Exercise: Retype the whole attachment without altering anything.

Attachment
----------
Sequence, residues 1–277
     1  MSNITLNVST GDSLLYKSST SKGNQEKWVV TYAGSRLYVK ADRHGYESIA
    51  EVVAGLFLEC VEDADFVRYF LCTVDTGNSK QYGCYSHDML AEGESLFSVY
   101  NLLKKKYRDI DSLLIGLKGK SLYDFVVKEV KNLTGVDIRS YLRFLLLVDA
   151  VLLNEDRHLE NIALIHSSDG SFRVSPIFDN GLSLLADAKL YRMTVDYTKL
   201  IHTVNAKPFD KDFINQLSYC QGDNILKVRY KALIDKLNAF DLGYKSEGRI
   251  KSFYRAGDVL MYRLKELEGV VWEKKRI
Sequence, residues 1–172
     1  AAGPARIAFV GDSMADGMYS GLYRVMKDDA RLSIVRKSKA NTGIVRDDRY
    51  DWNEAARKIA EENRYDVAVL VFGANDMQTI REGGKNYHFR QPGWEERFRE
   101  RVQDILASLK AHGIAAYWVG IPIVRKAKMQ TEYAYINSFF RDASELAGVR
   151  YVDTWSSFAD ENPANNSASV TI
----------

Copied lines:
Sequence, residues 1–277
     1  MSNITLNVST GDSLLYKSST SKGNQEKWVV TYAGSRLYVK ADRHGYESIA
    51  EVVAGLFLEC VEDADFVRYF LCTVDTGNSK QYGCYSHDML AEGESLFSVY
   101  NLLKKKYRDI DSLLIGLKGK SLYDFVVKEV KNLTGVDIRS YLRFLLLVDA
   151  VLLNEDRHLE NIALIHSSDG SFRVSPIFDN GLSLLADAKL YRMTVDYTKL
   201  IHTVNAKPFD KDFINQLSYC QGDNILKVRY KALIDKLNAF DLGYKSEGRI
   251  KSFYRAGDVL MYRLKELEGV VWEKKRI
Sequence, residues 1–172
     1  AAGPARIAFV GDSMADGMYS GLYRVMKDDA RLSIVRKSKA NTGIVRDDRY
    51  DWNEAARKIA EENRYDVAVL VFGANDMQTI REGGKNYHFR QPGWEERFRE
   101  RVQDILASLK AHGIAAYWVG IPIVRKAKMQ TEYAYINSFF RDASELAGVR
   151  YVDTWSSFAD ENPANNSASV TI